Few things get parents’ attention as quickly as kids’ potty talk! Recently I worked with a family whose two boys, Will and Logan (ages 5 and 3), were frequently finding hilarious entertainment in each other’s potty humor.
But parents John and Patti weren’t laughing – they were exasperated with their boys’ potty talk. When I checked in with them before our first coaching session, their goal was for the kids to “listen, obey, and have a healthy fear of us,” and John defined effective discipline as “hot sauce or soap in their mouths.” They only wanted to use this rather severe punishment after numerous warnings, but things were escalating out of control. The kids were spreading their potty talk around the neighborhood – eliciting giggles from their friends, frowns from those kids’ parents, and embarrassment for John and Patti.
As we problem-solved this issue during our first session, we talked about two important truths that were under the surface of this crazy situation:
- Potty talk is a big attention-getter for the kids and gives them a feeling of power over their parents’ emotions, which fertilizes the behavior.
- It’s also something that most kids this age experiment with.
John and Patti realized that in making this issue a huge battleground with their kids, they were focusing most of their energy on punishing and controlling their children rather than teaching them how to behave instead. We came up with a new “truth statement” to frame the situation: “I can teach my kids respectful boundaries in helpful ways that aren’t controlling or shaming.”
We also realized that there were a couple of “gifts gone awry” underneath this misbehavior: the kids loved silliness and had a healthy curiosity about bodies! To redirect these gifts in more appropriate, helpful ways, Patti and John decided on two messages they wanted to communicate to their kids:
- Our home is a safe place where we can be silly and talk about our personal body parts.
- This is something only families can do together.
John and Patti shared their new approach with the kids. “It’s normal for kids your age to be curious about their bodies. You can ask us any questions you want about that. And we love that God has given you a gift of joy and laughter. We’ll help you learn some jokes that you can tell anywhere.” They got a joke book and even taught the oldest child to do knock-knock jokes. When potty talk came out at home, they gave it a light “Oh, you’re having fun” or paid no attention — because home was a safe place to talk about private parts, and it was okay for the kids to work through this phase of curiosity about bodies.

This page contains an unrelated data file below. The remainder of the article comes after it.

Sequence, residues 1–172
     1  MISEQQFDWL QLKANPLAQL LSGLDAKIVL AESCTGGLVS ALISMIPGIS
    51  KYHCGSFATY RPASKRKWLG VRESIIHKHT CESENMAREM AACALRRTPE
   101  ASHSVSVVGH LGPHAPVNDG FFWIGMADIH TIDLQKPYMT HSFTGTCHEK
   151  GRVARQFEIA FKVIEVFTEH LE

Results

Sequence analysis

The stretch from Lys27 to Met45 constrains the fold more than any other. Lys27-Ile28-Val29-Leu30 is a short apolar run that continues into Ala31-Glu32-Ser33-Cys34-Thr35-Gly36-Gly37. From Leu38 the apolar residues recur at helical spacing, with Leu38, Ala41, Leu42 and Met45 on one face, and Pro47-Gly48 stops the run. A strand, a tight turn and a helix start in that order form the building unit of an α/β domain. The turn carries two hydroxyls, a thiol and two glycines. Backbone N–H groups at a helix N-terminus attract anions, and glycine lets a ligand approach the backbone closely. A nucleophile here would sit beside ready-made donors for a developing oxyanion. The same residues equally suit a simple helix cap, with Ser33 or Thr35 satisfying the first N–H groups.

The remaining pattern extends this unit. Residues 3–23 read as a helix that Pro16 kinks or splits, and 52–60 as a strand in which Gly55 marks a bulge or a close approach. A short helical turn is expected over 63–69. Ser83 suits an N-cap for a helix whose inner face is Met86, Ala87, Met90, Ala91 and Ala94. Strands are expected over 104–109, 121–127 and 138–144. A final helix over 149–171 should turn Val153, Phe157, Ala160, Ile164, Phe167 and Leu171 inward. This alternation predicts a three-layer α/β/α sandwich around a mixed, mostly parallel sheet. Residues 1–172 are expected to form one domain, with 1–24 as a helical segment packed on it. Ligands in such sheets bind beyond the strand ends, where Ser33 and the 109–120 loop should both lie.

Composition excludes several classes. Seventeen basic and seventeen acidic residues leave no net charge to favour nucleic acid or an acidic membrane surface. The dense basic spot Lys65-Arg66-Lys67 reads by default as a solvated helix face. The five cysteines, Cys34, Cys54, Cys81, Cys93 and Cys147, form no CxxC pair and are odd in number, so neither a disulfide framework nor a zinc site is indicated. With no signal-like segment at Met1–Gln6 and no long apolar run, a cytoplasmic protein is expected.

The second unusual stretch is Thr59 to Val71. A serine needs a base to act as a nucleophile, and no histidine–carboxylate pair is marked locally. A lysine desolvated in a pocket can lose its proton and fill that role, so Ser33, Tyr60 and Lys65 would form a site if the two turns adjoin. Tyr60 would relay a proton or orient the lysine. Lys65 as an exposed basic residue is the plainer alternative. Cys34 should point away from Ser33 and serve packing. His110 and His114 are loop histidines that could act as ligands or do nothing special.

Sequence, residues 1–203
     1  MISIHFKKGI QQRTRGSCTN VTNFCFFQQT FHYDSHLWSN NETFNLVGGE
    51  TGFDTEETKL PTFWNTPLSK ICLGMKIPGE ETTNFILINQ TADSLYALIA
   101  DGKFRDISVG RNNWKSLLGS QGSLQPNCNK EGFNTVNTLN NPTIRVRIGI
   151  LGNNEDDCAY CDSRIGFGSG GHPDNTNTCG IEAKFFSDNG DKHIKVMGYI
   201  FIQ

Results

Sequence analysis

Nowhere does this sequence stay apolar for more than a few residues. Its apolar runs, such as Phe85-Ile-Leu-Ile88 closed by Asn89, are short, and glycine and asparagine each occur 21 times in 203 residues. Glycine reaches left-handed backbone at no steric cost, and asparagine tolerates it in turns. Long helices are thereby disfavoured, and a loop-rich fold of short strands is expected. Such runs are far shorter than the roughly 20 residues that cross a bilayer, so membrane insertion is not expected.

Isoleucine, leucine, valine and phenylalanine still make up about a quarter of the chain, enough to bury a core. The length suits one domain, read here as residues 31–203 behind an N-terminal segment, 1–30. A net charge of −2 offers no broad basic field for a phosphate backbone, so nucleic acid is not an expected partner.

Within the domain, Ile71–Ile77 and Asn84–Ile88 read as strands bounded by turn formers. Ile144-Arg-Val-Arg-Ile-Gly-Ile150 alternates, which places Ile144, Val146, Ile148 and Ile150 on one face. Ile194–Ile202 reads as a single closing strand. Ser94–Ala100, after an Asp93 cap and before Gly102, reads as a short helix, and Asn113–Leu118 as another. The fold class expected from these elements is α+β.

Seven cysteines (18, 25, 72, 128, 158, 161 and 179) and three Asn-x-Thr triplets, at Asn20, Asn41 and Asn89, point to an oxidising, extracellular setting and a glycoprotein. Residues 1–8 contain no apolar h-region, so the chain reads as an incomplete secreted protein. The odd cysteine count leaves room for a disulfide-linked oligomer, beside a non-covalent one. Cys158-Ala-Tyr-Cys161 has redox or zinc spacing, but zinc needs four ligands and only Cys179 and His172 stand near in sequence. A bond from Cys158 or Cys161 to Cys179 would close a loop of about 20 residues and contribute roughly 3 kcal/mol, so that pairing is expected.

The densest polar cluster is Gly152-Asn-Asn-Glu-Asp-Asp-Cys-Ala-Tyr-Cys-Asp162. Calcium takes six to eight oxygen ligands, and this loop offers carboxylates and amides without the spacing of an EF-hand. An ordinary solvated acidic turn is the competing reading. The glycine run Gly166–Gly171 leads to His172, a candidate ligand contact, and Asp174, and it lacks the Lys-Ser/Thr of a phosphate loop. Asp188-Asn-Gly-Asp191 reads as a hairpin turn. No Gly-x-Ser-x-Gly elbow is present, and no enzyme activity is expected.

But they also set clear boundaries: “Talking about private body parts is just for families at home. If you do potty talk in the neighborhood, we’ll just go home because that’s where talking about those things is appropriate. Other kids’ parents want to teach kids the same rules and we want to help them keep their private things at home, too.”
Even though John and Patti reminded the boys of this just before they all went to a neighborhood gathering, they were ready for their authority to be tested. Sure enough, Will decided to see what would happen if he did his usual potty talk schtick — and got a loving, no-drama escort back to the house. Staying at home while his brother hung with neighborhood buddies made for some quick learning.
With this thoughtful approach, rather than giving their kids a giant NO all the time, Patti and John got to practice the principle of “no, yes, why” — NO, you can’t talk potty talk out in public, but YES, our family house is a safe place to learn about bodies. WHY? Because God created families to be a safe place to talk about private things. With this approach, they laid important groundwork for their kids to feel safe and comfortable to come to them someday with any personal issues!
In their final coaching session, Patti said, “Potty talk just isn’t a problem in our house anymore.” But even more than that, both Patti and John were transformed from exasperated to purposeful parents by this experience of coming alongside their kids instead of just battling them. As they let go of their counter-productive attempts at control, they rose to true authority in their roles as safe, loving guides for their children.
Apply It Now:
When you prepare to respond to your kids’ persistent misbehavior (whether potty talk or something else), consider the three steps John and Patti went through:
- Identify and redirect a gift-gone-awry
- Teach appropriate boundaries with good rationale
- Follow-through with patience and grace